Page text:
In the first 71 years of the Baseball Hall of Fame's existence, zero Penn alumni were inducted into it. But now the Quakers are finally represented in Cooperstown.
Walter O'Malley (C '26) was voted in by the Veterans Committee in early December for his work as owner of the Los Angeles Dodgers from 1944 to his death in 1979.
While at Penn, O'Malley was very involved in the undergraduate community. He was elected class president in both his junior and senior years. He served on the council of athletics and was president of the Theta Delta Chi fraternity. As a senior, he received the Spoon Award while serving as class salutatorian at graduation.
"He believed you got as much out as you put in," Walter's son Peter O'Malley said of his father. "Thus he enjoyed being active and benefited tremendously. He was always grateful of Penn, and he set a good example for me to follow. All our memories that we had are good, without any questions."
In fact, the O'Malley family has three generations of Penn graduates. Peter graduated from Wharton in 1960. Walter's grandson, Kevin, graduated from the College in 1997 and received his MBA at Wharton in 2004. Kevin was also a baseball letterwinner in 1996.
Although Peter was not born until 11 years after Walter graduated from Penn, he still remembers stories his father told him about his undergrad days at Penn.
"I remember him telling me about Penn football games at Franklin Field," Peter said. "Back then there was a big tradition of football games. I also remember him telling me about being active in the fraternity system, which was a great strength of Penn in those days."
Kevin O'Malley, who was only four years old when Walter died, barely remembers his grandfather, especially when it comes to his baseball leadership.
"I saw him more as a grandfather instead of someone involved in baseball," he said.
Walter O'Malley presided over significant changes in baseball history throughout his 35-year tenure atop the Dodgers' helm. Three years into his ownership, the Dodgers were the first team to integrate baseball, with the signing of Jackie Robinson. After the 1957 season, the Dodgers moved from Brooklyn to Los Angeles, becoming the first team to move west. From 1944 to 1979 - the O'Malley years - the Dodgers won four World Series and 11 National League pennants, including the 1955 World Series, the only title while the team was in Brooklyn.
But it is the move to Los Angeles of which the O'Malley family members are most proud, and it is one of the main reasons they believe Walter deserves a spot in Cooperstown.
"I think people now recognize my grandfather as a pioneer of the sport - they admired his vision to move west," Kevin said. "That vision helped expand the game nationally."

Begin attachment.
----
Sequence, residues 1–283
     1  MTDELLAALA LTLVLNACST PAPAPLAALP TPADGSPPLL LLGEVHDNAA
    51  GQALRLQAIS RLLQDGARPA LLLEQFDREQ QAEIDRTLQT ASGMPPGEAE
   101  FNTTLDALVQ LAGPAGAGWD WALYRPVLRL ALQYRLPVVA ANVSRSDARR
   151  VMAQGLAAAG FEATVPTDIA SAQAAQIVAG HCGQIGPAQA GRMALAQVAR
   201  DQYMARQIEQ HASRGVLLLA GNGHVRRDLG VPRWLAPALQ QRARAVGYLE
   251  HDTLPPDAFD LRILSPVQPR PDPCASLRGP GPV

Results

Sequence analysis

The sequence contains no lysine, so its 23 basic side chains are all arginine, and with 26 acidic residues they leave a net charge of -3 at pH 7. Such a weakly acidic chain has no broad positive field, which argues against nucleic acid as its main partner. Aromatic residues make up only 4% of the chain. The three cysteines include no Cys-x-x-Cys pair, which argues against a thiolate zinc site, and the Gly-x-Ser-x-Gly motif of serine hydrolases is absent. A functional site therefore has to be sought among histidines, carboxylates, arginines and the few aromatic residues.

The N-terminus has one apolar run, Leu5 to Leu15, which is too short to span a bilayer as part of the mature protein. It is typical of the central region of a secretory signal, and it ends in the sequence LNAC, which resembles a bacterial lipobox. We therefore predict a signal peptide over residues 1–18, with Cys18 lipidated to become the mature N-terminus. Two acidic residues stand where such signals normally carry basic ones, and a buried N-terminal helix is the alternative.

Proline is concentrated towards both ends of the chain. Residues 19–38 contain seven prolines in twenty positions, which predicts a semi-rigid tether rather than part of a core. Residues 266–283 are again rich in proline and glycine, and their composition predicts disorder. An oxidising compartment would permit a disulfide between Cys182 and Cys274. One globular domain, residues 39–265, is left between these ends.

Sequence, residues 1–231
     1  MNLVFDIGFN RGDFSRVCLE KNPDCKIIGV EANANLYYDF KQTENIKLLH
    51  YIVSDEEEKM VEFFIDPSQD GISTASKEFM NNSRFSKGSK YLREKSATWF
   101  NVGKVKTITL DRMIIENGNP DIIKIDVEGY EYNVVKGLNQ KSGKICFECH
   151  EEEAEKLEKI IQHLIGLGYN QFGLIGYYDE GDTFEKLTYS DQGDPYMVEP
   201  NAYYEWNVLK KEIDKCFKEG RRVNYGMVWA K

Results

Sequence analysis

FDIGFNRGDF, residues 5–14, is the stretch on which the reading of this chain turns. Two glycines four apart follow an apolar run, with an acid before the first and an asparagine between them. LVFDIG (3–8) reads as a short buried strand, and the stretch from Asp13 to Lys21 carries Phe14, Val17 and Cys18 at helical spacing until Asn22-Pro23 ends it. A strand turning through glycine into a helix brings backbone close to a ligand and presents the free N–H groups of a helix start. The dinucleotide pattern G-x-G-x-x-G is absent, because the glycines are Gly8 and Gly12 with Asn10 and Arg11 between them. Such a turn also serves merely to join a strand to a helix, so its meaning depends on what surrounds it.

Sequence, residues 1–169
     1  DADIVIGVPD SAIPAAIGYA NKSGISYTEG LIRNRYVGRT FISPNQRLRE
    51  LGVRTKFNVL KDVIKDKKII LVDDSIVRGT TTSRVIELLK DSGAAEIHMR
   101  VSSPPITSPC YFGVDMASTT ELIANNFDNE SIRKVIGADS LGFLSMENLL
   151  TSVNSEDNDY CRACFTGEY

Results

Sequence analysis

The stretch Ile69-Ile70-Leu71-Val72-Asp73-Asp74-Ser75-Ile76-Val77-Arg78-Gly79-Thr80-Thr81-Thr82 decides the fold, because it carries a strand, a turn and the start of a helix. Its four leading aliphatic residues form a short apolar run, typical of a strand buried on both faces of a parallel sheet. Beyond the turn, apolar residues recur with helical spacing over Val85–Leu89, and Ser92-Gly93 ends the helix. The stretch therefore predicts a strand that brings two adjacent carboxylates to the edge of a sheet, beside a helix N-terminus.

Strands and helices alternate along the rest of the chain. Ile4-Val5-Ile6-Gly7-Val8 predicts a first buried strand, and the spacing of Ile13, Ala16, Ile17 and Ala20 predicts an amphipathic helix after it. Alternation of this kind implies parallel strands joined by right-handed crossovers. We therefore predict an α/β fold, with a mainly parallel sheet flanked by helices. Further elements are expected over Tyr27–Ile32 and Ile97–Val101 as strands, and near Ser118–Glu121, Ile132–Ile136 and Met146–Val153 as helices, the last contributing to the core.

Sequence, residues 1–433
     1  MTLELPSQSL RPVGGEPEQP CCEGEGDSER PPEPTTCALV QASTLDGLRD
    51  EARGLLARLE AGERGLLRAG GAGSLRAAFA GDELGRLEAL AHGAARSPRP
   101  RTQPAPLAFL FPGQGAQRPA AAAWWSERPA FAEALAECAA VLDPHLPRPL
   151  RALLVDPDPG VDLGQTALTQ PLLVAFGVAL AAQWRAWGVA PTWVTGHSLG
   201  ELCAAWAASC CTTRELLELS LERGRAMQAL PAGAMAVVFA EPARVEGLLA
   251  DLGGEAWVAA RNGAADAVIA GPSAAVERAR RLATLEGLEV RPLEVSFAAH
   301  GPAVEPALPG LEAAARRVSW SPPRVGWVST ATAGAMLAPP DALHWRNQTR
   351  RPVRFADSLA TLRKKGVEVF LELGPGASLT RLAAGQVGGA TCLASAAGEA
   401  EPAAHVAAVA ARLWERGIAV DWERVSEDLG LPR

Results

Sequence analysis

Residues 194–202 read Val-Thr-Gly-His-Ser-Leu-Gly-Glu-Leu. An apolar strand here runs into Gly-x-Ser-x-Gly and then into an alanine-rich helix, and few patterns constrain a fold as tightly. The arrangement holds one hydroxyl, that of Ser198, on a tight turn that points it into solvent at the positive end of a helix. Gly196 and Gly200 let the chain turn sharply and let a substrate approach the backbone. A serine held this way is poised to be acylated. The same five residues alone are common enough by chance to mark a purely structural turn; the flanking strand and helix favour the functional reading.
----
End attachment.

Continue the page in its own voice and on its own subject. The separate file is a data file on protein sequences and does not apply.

Walter was also always proud of Dodgers Stadium, the baseball landmark that he created.
"The design of the stadium gave him pleasure," Peter said. "Building Dodger Stadium was great, and the end result was a beautiful stadium. Every time he left his office at the stadium he was very proud. He also was proud of Vero Beach," where the Dodgers opened one of the first baseball spring training sites in 1948.
Although the signing of Jackie Robinson was a pivotal moment in baseball history, Walter O'Malley is most remembered for moving the Dodgers out of Brooklyn.
"We took a lot of heat for moving the team," Kevin said. "That's how I look at it. The signing of Jackie Robinson is something I'm very proud of. It was visionary and looking to the future of the game and society. But growing up, I always heard of the move, not Jackie Robinson."
The initial outcry over the move prevented O'Malley from earning a Hall of Fame induction for so many years.
"More and more people now recognize the complete picture of my dad," said Peter, who served as Dodgers' owner from his father's death in 1979 through 1998.
"He didn't want to leave New York, but after 10 years of dealing with aging Ebbets Field, he began to consider a move elsewhere. He didn't want the tax payers to pay for a new stadium, but instead, designed, built and maintained Dodger Stadium himself. These things take time; you can't write history in first few years after an event."
Despite the nearly 30-year wait for the induction, the O'Malley family can now proudly call one of its own a Baseball Hall of Famer. And, after 70 years of waiting, the Penn family can do the same.Comments powered by Disqus
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